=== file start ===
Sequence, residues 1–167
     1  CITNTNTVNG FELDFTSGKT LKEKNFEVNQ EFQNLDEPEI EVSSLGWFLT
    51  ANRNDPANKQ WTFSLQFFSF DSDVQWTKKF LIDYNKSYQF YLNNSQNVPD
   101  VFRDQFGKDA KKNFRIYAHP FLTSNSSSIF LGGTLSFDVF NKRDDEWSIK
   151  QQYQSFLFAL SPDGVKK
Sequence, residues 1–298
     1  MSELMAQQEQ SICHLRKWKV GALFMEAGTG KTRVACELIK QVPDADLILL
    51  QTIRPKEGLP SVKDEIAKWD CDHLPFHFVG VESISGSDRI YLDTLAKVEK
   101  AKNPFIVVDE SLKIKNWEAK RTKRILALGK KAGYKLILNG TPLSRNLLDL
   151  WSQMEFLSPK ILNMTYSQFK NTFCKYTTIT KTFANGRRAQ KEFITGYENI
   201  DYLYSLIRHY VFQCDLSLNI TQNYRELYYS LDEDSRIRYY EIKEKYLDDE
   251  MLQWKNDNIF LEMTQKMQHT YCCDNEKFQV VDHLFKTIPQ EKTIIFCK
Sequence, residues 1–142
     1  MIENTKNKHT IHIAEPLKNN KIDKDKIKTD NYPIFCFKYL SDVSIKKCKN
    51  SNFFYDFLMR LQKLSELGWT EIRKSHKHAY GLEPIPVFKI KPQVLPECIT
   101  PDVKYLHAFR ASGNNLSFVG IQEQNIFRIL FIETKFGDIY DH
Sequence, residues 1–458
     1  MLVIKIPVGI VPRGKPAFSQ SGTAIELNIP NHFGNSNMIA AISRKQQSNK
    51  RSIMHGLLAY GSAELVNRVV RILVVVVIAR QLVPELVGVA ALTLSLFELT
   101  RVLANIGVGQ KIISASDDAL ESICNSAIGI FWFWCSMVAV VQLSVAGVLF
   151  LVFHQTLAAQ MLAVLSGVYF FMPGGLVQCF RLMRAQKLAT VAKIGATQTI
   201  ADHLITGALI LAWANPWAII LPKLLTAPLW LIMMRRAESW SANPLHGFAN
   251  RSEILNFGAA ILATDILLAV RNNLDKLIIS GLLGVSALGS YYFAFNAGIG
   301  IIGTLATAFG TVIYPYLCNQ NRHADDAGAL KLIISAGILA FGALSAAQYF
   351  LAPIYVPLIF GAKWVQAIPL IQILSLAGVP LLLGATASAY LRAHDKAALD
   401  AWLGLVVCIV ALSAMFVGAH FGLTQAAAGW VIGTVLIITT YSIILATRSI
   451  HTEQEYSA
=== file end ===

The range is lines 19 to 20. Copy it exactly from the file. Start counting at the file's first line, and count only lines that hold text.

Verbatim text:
    51  RSIMHGLLAY GSAELVNRVV RILVVVVIAR QLVPELVGVA ALTLSLFELT
   101  RVLANIGVGQ KIISASDDAL ESICNSAIGI FWFWCSMVAV VQLSVAGVLF